On June 11, 2015 the New York Times featured an op ed by novelist Thomas King complaining about the mistreatment of Canada's Indian population through the centuries. The op ed followed the release of the Canadian Truth and Reconciliation Commission's conclusion that the country's policy of forcibly removing Indian children to attend state schools amounted to "cultural genocide."
The commission's release of its findings left King, who's has written several books about the mistreatment of Indians in Canada, feeling disheartened. "There is every indication that the governmental song and dance around the critical and longstanding matters of land and treaty rights will continue," he observed, "and that native people will be left, once again, with vague and lumpy promises 'to consider the issues at a later date.' ”
Why was King cynical? Because, as he explained, he's seen this movie before:
The Truth and Reconciliation Commission came into being as a requirement of the 2006 Indian Residential Schools Settlement agreement, itself a product of the largest successful class-action suit in Canadian history. It was not created out of any largess on the government’s part. Perhaps that’s why, when the commission’s 94 recommendations came to the floor of Parliament, the prime minister thanked the commission, noting simply that it “has spent a long time on this report” and that “it has issued a large number of recommendations.”
Which is the political equivalent of “so long and thanks for all the fish.”
Had this been a royal commission on tar sands development or a white paper on tax breaks for corporations, the recommendations would have been applauded, but as the report was on Canada’s native population, the folks in power were able to curb their enthusiasm, opting instead to wait to see the full report.
Just another day at the office.
Here’s what’s most likely to happen. Those recommendations that are, in large part, cosmetic or symbolic may well be adopted. Any recommendations with price tags attached — funding for improved health care on reserves — or recommendations that might open the government to legal action will be ignored.
Sure, that’s cynical, and I wish I were wrong. It’s just that the Truth and Reconciliation Commission’s report is not the first narrative of its kind. In 1907, Dr. Peter Bryce, the chief medical officer for Indian affairs in Canada, submitted a report, the results of which were buried by Ottawa until 1922, when Dr. Bryce published his findings as a book in which he called the health conditions at residential schools “a national crime.”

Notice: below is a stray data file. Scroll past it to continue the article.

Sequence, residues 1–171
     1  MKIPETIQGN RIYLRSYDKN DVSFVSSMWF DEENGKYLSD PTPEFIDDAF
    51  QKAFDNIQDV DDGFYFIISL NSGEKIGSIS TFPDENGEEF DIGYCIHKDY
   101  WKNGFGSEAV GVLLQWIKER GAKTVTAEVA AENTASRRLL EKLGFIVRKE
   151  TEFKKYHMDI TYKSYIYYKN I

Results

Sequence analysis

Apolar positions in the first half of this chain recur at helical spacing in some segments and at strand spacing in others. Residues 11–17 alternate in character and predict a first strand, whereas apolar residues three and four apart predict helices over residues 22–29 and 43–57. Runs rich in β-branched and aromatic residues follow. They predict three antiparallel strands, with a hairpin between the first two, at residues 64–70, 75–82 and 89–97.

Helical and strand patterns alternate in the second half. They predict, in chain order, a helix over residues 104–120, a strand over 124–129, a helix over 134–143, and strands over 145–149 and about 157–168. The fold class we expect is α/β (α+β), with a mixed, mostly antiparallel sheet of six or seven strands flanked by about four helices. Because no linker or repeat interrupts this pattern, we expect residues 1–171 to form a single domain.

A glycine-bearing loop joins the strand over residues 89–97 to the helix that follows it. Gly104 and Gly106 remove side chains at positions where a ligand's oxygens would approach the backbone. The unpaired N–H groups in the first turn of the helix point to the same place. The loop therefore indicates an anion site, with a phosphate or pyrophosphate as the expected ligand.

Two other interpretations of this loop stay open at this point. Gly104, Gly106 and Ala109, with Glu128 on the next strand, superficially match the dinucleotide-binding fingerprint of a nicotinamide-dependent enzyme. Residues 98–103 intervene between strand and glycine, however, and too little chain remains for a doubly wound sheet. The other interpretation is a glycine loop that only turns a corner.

In 1928, Lewis Meriam released a report on similar residential schools in the United States. It concluded that they were crowded beyond their capacity, that disease was rampant, and that the rate of 11 cents a day for each native child was wholly inadequate. The report was so comprehensive and so damning that the United States never commissioned another such study.
Why ask the question if you know you won’t like the answer?
Only the Canadians persisted with such inquiries.
In 1966-67, the Hawthorn Report was published, reiterating the basic conclusions of the reports that had come before, while in 1996, the five-volume report of the Royal Commission on Aboriginal Peoples traced native and nonnative history.
The op ed drew 16 comments. That is far below the usual number for an op ed tacking a sensitive issue involving race, class and social justice. Most articles of this kind like one published the same day, "The Myth of a White Minority," draw hundreds of comments.
Do the readers of the NYT (Americans by and large) simply not care about Canada's Indians? Or is it that they don't care about Canada?